I could write data from each machine to file and merge them directly in Wireshark (even without mergecap), in fact that's how we are forced to do it in the production environment, but in the lab, live trace is so much nicer because we can change the setup (SIP) and see the result immediately.

BTW: Can Wireshark 1.8.x with it's multiple interface possibility help me in any way?

(28 Jul '12, 07:16) sblar

can rpcap for Linux fulfill my needs without programming?

No.

Was that a typo or another alternative?

it's an alternative, that I did not think about when I suggested rpcap. rpcapd (Winpcap) is the better alternative for you and you don't need programming skills.

Does any of your suggestion work (without programming) when I need the correct order of frames?

No. Only with mergecap it is possible to merge the capture files in chronoligical order. The other solutions will output the packets as they arrive. However, if the time on the linux machines is synchronized with NTP and there is not much data, the packets will be in chronological order (more or less).

Why is chronological order of two different machines important for you?

BTW: Can Wireshark 1.8.x with it's multiple interface possibility help me in any way?

That was my last suggestion in the answer. Use Wireshark with multiple -i options. It's the same as within the GUI.

(28 Jul '12, 08:05) Kurt Knochner ♦

Ah, now I see. rpcap and rpcapd are two different things. I didn't notice that, for the same reason that I didn't catch your last suggestion: So much (excellent) information :-)

The cronological order is important to see correct sequence for a call (SIP) as it traverses several servers (proxies, user agents, registrars etc.). Some of these servers are located in different networks (even in the lab), hence the need for multiple trace sources. All the servers are synced with NTP and there not too much data, so maybe we are good here...

Anyway, thank you so much for your effort. It looks promising and I will post the result here if I get it to work.

(28 Jul '12, 13:34) sblar

O.K. good luck!

(28 Jul '12, 14:46) Kurt Knochner ♦

Sorry for this very late update, the solution was put together just a few days ago.

We have compiled rpcapd for linux and put in on two servers which tap on a switch in their local site.

From our workstations we start Wireshark with command line parameters (multiple -i rpcap://<host>/<adapter> -f <capture filter="">).

This works well and we can now merge the streams from the two sites into one monitor session. With this approach, compared to what we used to do, we can stop and restart the capture in the same Wireshark session.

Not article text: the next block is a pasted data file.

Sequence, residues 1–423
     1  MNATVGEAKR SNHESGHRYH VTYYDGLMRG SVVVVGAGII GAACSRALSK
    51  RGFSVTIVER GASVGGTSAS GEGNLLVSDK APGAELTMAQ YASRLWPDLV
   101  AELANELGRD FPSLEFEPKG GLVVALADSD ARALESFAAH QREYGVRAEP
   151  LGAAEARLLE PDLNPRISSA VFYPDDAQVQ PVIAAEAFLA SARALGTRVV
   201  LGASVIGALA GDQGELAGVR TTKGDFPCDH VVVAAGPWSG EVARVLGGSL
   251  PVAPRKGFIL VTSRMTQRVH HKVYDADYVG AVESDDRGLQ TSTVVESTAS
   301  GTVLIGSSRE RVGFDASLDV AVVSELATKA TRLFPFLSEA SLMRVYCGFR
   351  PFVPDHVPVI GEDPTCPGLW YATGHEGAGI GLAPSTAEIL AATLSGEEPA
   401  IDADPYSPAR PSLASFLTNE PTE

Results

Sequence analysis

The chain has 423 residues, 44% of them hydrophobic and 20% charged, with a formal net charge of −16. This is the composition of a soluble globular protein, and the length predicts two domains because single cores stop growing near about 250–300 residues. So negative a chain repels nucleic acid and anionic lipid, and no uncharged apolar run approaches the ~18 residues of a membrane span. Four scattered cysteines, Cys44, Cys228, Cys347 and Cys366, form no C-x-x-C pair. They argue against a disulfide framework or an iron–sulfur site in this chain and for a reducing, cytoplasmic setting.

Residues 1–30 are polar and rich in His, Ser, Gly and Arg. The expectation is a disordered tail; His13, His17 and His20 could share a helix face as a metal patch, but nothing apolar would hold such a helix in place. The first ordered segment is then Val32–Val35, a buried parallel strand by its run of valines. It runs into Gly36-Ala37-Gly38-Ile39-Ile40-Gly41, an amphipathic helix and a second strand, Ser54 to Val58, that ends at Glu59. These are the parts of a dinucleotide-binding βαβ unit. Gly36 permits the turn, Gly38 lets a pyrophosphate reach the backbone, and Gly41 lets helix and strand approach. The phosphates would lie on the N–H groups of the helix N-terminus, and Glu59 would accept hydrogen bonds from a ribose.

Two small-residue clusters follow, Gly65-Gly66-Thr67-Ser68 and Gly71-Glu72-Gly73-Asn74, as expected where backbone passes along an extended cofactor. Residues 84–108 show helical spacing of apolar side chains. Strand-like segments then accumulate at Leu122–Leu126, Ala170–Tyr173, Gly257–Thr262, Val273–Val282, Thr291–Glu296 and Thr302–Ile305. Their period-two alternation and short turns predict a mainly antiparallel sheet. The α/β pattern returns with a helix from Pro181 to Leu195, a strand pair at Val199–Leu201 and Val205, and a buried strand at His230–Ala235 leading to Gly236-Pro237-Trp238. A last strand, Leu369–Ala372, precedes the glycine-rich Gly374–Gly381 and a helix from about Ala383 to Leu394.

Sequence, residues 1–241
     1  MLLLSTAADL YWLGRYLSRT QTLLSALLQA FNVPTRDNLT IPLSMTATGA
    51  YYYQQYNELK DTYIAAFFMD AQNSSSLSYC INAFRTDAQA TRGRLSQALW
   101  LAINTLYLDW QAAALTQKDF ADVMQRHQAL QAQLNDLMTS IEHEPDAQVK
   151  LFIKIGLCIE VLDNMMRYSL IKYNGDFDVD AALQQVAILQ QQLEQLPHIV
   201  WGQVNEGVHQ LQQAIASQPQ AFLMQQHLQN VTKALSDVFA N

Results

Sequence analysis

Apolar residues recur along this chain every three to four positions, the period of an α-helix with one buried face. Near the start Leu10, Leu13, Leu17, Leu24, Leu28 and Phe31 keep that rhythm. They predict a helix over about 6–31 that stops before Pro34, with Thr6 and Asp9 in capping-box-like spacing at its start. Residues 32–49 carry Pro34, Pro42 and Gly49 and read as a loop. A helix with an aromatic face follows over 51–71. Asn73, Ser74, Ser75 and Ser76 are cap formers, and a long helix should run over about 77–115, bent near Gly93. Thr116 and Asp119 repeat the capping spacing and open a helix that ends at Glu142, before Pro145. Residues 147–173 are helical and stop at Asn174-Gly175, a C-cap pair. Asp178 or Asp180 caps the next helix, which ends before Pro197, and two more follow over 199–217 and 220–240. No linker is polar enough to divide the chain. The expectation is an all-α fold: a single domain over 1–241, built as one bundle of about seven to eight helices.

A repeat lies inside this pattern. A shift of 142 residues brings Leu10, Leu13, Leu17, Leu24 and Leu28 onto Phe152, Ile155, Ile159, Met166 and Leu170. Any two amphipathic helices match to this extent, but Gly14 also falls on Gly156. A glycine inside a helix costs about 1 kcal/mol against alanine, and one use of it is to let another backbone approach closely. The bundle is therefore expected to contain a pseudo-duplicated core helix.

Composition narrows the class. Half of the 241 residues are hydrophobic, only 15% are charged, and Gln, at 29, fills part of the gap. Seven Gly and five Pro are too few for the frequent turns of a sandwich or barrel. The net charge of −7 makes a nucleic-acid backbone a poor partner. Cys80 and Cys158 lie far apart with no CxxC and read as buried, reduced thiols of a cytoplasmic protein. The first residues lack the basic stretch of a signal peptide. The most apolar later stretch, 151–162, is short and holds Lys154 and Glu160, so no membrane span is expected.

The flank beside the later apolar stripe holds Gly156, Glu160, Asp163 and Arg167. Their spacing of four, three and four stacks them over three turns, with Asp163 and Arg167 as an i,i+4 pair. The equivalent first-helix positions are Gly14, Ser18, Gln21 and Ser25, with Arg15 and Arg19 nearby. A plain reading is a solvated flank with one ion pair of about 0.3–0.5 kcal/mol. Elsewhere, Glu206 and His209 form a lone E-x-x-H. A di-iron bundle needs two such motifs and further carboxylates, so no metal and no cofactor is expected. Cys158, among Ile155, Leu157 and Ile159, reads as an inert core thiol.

Thanks again Kurt for putting me in the right direction.

(09 Apr '13, 05:36) sblar

You're welcome.

(09 Apr '13, 05:50) Kurt Knochner ♦
showing 5 of 9 show 4 more comments

Seeing as this is actually fairly recent... For what it's worth, I'll leave here my preferred one-liner solution for live remote capture on non-standard ssh ports using Windows' version of wireshark and standard tcpdump on whatever flavor of Linux the remote machine has. It doesn't strictly require you to use a key to authorize, but if you don't, it stops being a one-liner. Also, it isn't hugely efficient in that some of the packets get lost to whatever perils there exist in ssh tunnels... Yet it allows you to benefit from the convenience of Windows Wireshark while utilizing the power of Linux's tcpdump. I experimented with opening remote/local tunnels seeking to capture and display all the packets that came, even if they would be displayed with a delay, and this so far is the most accurate representation. Still, not ALL the packets show up on the capture, compared to a local file tcpdump dump. For various reasons of convenience, I can't/don't want to use named pipes unless they can be incorporated into a one-liner. The quest continues :)

Anyway, using cygwin with standard packages:

ssh -i [PATH_TO_PRIVATE_KEY] -p [REMOTEPORT] [REMOTE_USER]@[REMOTE_HOST] "tcpdump -ni [REMOTEINTERFACE] -s 0 -w - not port 22 and not port [REMOTEPORT] | gzip" | gunzip | "[LOCAL_WINDOWS_PATH.EXE]" -k -i -

(Unconvinced about gzip|gunzip, but so far my tests show that fewer packets get lost this way, at the cost of speed and latency of course.)

permanent link

answered 17 Apr '16, 02:21

katzurki's gravatar image

katzurki
612
accept rate: 0%

Your answer
toggle preview

Follow this question

By Email:

Once you sign in you will be able to subscribe for any updates here

By RSS:

Answers

Answers and Comments

Markdown Basics

  • *italic* or _italic_
  • **bold** or __bold__
  • link:[text](http://url.com/ "title")
  • image?![alt text](/path/img.jpg "title")
  • numbered list: 1. Foo 2. Bar
  • to add a line break simply add two spaces to where you would like the new line to be.
  • basic HTML tags are also supported

Question tags:

×41
×37

question asked: 27 Jul '12, 00:52

question was seen: 9,255 times

last updated: 17 Apr '16, 02:21

p​o​w​e​r​e​d by O​S​Q​A